A few weeks before municipal polls take place in most of Zimbabwe's major cities and towns, women lobbyists are calling for political parties to increase the number of female election candidates.
With women constituting 54 percent of the population, women's groups are agitating ahead of the local government elections on 30 and 31 August for representation in public office that better reflects the demographic ratio.
At the moment there are only 46 women representatives out of 333 councillors in urban councils, and far less in rural district councils.
Janah Ncube, director of the Women in Parliament Support Unit, a lobby group championing the cause for women's empowerment, says at just over 10 percent, women's representation in urban councils is extremely low.
She blames Zimbabwe's political system. "It is a system which seems to say women can't play roles that have an impact. The system of democracy allows everyone to contribute, but we often ask why women can't be given equal opportunity to play their part in national development."
In a Southern African Development Community (SADC) declaration in 1997, regional leaders agreed to a 30 percent target for female representation in their national political bodies by 2000. The Gender and Development Declaration also called for the repeal of all discriminatory laws, and the amendment of constitutions where necessary, to advance the status of women.
Not much has been done to amend the Zimbabwe constitution and legislate change to meet the 30 percent target, three years past the deadline. The slight improvement in recent years in women's participation in local government politics and civil society, is overwhelmingly concentrated in the lower ranks rather than senior decision-making levels.
"We are not seeing that change being put in place, although at political party level, [the ruling] ZANU-PF and [the opposition Movement for Democratic Change] MDC have pledged their commitment to put in quotas for women representatives," Ncube said.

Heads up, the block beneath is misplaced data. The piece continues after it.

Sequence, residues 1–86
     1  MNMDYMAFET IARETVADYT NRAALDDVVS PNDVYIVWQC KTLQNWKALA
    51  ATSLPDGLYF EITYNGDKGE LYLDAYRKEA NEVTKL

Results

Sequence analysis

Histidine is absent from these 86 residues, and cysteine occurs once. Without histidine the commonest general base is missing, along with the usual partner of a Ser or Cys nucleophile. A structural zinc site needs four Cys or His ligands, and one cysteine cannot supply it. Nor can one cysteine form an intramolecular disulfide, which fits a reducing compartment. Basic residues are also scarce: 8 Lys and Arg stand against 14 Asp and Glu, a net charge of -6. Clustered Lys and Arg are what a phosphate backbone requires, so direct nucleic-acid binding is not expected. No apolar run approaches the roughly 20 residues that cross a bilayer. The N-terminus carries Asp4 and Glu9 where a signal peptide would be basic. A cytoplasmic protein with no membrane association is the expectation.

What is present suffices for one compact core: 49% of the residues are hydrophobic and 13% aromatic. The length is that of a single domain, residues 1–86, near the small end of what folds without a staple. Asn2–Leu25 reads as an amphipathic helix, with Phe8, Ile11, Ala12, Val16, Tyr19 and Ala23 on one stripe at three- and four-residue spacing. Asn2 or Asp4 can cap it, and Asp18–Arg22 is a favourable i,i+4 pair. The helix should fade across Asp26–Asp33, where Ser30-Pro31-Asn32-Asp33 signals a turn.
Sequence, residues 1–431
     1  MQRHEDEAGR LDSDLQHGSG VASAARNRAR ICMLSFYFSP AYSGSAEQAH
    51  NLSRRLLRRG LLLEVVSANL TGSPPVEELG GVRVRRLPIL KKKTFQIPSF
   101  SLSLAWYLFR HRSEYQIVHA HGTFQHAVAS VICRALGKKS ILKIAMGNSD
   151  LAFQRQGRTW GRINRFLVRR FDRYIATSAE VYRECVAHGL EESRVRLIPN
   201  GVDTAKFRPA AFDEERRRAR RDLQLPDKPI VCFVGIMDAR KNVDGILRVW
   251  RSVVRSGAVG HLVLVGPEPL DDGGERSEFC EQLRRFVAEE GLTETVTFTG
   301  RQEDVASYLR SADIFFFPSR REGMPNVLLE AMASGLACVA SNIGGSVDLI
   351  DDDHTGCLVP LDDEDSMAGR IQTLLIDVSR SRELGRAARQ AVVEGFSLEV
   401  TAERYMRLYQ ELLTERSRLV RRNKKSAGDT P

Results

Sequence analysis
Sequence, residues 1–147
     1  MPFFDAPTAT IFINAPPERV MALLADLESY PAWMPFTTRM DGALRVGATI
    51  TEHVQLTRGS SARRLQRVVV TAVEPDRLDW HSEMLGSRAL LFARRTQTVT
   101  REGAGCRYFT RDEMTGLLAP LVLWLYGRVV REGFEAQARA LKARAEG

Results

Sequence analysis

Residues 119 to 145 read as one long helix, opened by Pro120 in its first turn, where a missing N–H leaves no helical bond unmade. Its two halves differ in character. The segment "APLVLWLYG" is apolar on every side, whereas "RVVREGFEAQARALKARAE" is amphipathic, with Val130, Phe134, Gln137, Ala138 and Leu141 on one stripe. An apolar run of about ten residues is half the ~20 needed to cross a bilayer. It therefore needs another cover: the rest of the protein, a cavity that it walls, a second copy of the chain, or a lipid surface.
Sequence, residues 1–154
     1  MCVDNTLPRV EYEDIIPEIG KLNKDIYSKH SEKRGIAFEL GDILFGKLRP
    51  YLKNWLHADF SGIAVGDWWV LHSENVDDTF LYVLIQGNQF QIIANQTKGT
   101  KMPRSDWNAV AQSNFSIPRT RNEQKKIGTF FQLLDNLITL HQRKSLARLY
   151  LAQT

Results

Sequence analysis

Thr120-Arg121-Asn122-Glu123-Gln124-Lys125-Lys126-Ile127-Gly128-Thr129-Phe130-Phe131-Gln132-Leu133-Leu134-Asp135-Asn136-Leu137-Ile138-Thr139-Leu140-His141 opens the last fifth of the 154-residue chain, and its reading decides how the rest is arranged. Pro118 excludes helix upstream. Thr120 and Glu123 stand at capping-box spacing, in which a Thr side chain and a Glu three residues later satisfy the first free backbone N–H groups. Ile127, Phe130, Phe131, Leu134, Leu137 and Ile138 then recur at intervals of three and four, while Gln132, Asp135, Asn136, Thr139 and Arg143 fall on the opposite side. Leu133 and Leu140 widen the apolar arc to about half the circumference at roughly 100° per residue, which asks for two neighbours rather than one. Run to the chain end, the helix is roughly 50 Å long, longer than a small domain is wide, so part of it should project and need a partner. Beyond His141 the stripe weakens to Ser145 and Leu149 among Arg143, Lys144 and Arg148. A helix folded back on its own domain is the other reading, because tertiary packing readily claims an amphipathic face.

Her organisation has written to all political parties, reminding them of the need to increase women participation at decision-making levels. The only party that visited the organisation to discuss the issue was the National Alliance for Good Governance (NAGG). "We were surprised, however, when NAGG gave us an excuse, saying while it would want to include women, no women in their party structures were forthcoming and wanting to contest. The MDC responded rather perfunctorily by saying that they will try, while ZANU-PF chose to remain quiet on the matter," Ncube noted.
Dryden Kunaka of the MDC election directorate said that with the current political violence and intimidation aimed at MDC candidates, his party was not encouraging women to stand. "Everyone knows the kind of political atmosphere we are operating in. Unless there is a change that allows candidates to campaign freely, without fear of harassment and intimidation, we will continue to see less women being nominated as candidates for local councils," he explained.
The MDC has filed a High Court petition seeking to compel the Registrar General to reconsider its candidates, barred from lodging nomination papers by pro-ZANU-PF mobs in urban centres such as Kariba, Marondera and Bindura.
Oppah Muchinguri, the only female provincial governor out of a total of eight, who is also a ZANU-PF Women's League executive member and non-constituency MP, says she is satisfied with government efforts to redress disparities in female representation in decision-making bodies.
"The number of women candidates for the council polls is increasing. We even have a female contestant for the mayoral post in Mutare," she said.
President Robert Mugabe recently endorsed university lecturer, Ellen Gwaradzimba, as his party's mayoral candidate for Mutare, Zimbabwe's third largest city, after protracted intra-party wrangles over the selection process threatened to derail ZANU-PF's mayoral campaign.